Oil Falls to 18-Year Low As Demand Decreases Across the Globe

The low oil prices are due to global lockdowns and transporation being shut down because of the coronavirus.


On Monday, oil fell to an 18-year low as the coronavirus spread across the globe and slowed transportation and reduced demand on the commodity. Meanwhile, OPEC+ nations, including Saudi Arabia, planned to ramp crude production.

Most of the world has initiated lockdowns until the pandemic is under control. This has had a profound effect on gasoline and jet fuel demand since the population isn’t traveling and business for many has come to a screeching halt. 

Overall, oil has fallen more than 6 percent. U.S. West Texas Intermediate (WTI) crude slid $1.42, or 6.6 percent and settled at $20.09. This marks its lowest since February 2002. Overall, WTI stock has slid 55 percent in March. Earlier in the day, oil traded at 9 percent less but gained some of its losses. Brent crude also fell 8.7 percent and settled at $22.76 a barrel, another low not seen since 2002.

OPEC+ production cuts are expiring and on April 1, the 14 nation intergovernmental organization will be able to produce unlimited oil. Saudi Arabia has said it plans to pump full speed ahead.

Both supply and demand have been greatly impacted by the coronavirus. However, analysts project that crude may not have hit rock bottom yet.

John Freeman, an analyst for Raymond James, noted: “With the effects of COVID-19 continuing to weigh on global demand, it’s likely global crude storage capacity maxes out in 2Q20, creating a nightmarish scenario and the possibility that crude could test the $10/bbl threshold.”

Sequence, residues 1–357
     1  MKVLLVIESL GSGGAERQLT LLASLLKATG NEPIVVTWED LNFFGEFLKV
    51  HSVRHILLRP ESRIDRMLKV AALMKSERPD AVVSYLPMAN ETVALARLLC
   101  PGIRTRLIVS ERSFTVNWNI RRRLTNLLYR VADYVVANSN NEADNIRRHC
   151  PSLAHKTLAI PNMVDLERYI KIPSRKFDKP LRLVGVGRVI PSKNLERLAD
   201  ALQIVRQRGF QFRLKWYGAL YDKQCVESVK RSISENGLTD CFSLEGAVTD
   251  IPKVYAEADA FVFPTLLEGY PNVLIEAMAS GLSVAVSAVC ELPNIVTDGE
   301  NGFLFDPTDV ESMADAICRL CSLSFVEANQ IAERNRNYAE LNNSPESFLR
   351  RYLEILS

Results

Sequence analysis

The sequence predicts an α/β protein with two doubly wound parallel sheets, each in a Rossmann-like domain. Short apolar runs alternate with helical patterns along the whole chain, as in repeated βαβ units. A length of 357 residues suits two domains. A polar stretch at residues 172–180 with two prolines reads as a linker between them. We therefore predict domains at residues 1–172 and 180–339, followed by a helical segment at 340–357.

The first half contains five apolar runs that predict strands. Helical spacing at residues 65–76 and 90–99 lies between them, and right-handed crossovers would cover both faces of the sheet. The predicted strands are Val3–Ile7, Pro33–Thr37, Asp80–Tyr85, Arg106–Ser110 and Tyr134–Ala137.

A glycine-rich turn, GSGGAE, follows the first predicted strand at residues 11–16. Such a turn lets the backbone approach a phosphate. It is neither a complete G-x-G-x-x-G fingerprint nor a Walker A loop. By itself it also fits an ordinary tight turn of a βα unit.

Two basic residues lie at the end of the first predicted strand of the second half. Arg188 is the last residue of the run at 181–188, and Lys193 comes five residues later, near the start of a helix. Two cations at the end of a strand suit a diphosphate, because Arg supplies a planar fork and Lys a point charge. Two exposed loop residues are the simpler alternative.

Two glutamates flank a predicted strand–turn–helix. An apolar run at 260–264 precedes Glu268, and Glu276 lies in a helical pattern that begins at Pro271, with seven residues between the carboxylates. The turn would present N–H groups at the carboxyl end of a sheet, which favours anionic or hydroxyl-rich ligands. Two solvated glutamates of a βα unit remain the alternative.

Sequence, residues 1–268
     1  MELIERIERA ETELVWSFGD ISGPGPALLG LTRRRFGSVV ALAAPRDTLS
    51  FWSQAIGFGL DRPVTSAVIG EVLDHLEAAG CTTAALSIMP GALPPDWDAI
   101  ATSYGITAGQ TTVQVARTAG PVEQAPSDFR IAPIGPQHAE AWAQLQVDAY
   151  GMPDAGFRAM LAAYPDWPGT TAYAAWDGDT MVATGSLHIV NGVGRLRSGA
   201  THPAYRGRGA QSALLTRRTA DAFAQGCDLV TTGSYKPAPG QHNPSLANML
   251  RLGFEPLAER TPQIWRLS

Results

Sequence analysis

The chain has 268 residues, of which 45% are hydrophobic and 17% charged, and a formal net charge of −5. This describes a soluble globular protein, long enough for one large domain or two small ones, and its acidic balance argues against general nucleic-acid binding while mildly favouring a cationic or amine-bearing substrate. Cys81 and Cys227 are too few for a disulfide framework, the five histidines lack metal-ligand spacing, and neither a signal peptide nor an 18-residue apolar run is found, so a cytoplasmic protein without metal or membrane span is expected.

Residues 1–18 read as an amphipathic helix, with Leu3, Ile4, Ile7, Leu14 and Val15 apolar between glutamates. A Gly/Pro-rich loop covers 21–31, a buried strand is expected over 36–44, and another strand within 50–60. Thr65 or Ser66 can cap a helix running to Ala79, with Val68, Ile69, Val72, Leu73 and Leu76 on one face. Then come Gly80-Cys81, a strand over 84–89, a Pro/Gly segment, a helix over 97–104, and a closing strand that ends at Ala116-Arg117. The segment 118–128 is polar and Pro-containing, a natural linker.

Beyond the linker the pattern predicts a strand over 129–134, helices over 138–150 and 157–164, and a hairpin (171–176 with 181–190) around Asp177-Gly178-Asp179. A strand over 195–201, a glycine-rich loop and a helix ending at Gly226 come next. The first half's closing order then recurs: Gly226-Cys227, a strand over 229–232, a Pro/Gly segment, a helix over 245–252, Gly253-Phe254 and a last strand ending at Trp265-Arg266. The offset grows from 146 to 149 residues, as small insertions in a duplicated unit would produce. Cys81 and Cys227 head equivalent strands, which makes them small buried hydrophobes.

As if things weren’t already bleak, Bank of America downgraded its forecast on oil prices Monday and said it expects “temporarily trading in the teens in the coming weeks.” According to Bank of America analyst, Francisco Blanch, “On a quarterly basis, we expect to see the steepest decline in global oil consumption ever recorded.”

The sudden oil decline has also prompted energy companies to slash spending. Production and exploration companies in the U.S. have been hit the hardest. Struggling to break even, analysts say that consolidations and bankruptcies are likely.

Bjornar Tonhaugen, head of oil from Rystad Energy, said, “The oil market supply chains are broken due to the unbelievably large losses in oil demand, forcing all available alternatives of supply chain adjustments to take place during April and May: Onshore product storage surge, refinery-run rate cuts globally, massive increases in floating storage deals and upstream supply shut-ins.” Tonhaugen’s company expects that oil demand could fall by 16 million barrels per day or more in the coming month.


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